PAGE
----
Understanding Empathy

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Finding yourself stuck in a cycle of negativity, or similar arguments with someone you love?

Our relationships can suffer because we minimize one anothers feelings.  Even if doing so was not our intention.  Many of us lack the ability to see another persons perspective.  Often times we are too focused on our own feelings and experiences, that we completely miss the mark.  We miss opportunities to connect with others, because we are being “selfish”, or at least coming across as such.

More and more, I’m noticing that much of what we communicate tends to get lost in translation.  We attack one another simply because we believe we were wronged in some way.  The worst part is that when these messages are misunderstood, many of us fail to gain clarification on the intended message.  As a result, maybe you spend the next day replaying that conversation in your head.  Man, have I been there one too many times! I admit that I have let my imagination run wild, without taking a moment to calm those nasty convos in my head.

Then, when I am able to confront the “issue”, I often learn that I was wrong.  So, realistically I’ve spent an unimaginable amount of time dwelling over things that could have been cleared up if I was able to understand the other’s interpretation without having my feelings block my judgement.

Psychotherapist Cindy Sigal, AMFT (Relationshipshttp://psychcentral.com/blog/archives/2014/06/08/the-power-of-empathy-in-romantic-relationships-how-to-enhance-it/) has a wonderful perspective on how to improve empathy in our relationships.

What is EMPATHY?

Cindy discussed three different types: Cognitive (we don’t lose sight of our feelings).  Here we are able to recognize others feelings without experiencing these same feelings ourselves.

Emotional (sharing feelings with your partner or others). If your hurting, I’m hurting. If you’re angry, I’m angry too.

Compassionate ( a whole person response (changing our own behavior).  With this type, we realize what our partner may be experiencing, and actively alter our behavior to increase positive feelings.  For example, you may know that today wasn’t a good day for the other person.  Instead of adding onto their current stress load, you do something different.  You may say kind words, or pick up their favorite snack.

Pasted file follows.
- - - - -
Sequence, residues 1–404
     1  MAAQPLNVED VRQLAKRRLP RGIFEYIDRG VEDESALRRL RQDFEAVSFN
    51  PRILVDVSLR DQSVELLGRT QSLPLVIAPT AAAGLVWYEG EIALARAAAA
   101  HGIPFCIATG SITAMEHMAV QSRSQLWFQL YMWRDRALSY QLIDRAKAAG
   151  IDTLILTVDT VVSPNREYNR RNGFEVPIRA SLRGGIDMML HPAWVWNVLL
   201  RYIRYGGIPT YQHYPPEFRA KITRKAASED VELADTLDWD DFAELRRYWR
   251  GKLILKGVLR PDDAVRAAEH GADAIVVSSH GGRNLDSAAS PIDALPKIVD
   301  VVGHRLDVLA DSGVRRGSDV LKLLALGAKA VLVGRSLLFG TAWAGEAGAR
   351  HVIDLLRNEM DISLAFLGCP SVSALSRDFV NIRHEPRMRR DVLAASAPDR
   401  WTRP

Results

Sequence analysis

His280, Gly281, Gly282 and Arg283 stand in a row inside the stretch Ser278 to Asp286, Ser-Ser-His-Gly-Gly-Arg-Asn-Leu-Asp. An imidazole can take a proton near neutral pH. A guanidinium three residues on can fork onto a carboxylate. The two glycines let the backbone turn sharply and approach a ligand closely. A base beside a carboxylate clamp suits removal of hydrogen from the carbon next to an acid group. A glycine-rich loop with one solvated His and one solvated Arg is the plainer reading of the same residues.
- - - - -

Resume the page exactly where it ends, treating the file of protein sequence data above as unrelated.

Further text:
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In addition to understanding the different types of empathy, it will also be helpful to identifying the Road Blocks from experiencing empathy.

-Getting sucked into our own perspectives (how we are feeling vs our partner): From my experiences with others including what I’ve been through personally, is that many disputes/disagreements occur when you feel the other person isn’t listening, or feel as though they do not care.  Many of us become stuck with defending ourselves when communicating, because for some reason we feel attacked.  What can possibly be resolved if both of you aren’t even attempting to understand the others perspective?  You’d don’t have to agree with them, but this will help you grain clarity.  I’m definitely still a work in progress!

-Focusing on negatives: Can you imagine a lifetime full of complaints, with no motivation to make any positive changes? #exhausting. We all have our days of picking out the “wrongs”, but what about trying to clear a tiny circle off of that filthy mirror from time to time.  This will definitely keep your relationships “stuck” in the helpless zone. Try finding at least one positive for every 3 negatives.  This may be challenging if your thinking has already been shaped by constant negative messages, but your situation is not hopeless. Train yourself to think differently…it’s never too late to learn something new. 🙂

-Treat ourselves how we would treat others: I admit that am not the best example of this.  I allow others the ability to make mistakes, and offer them my best advice and encouraging words.  But, I don’t always allow myself these same luxuries.  Yes, I want to push myself, and learn from past experiences.  How will this be possible if I won’t even give myself the opportunity to reflect on these roadblocks?

I hope that today is a wonderful day for everyone, and we all are able to improve our Empathy!

What contributes to your overall satisfaction in your romantic relationships ( past, present, or future)?

-XOXO

FreeBryd

Photo #1:http://www.canstockphoto.com/

Photo #2: http://www.lifetimeloveaffair.com/

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Woman 2 Women//Where is the Love?

Let’s have an honest discussion friends!
I’ve been spending so much time trying to better myself, by learning to forgive, reminding myself to think more positively, etc.  With that being said, can you tell that I spend a great deal of time in my feelings lol?  A serious question parked itself in my overactive brain, until I decided to do more research into this.  I was able to reach out to a few of my followers, to gain their perspectives on why they believe many women are unable to from long-term and meaningful relationships with one another.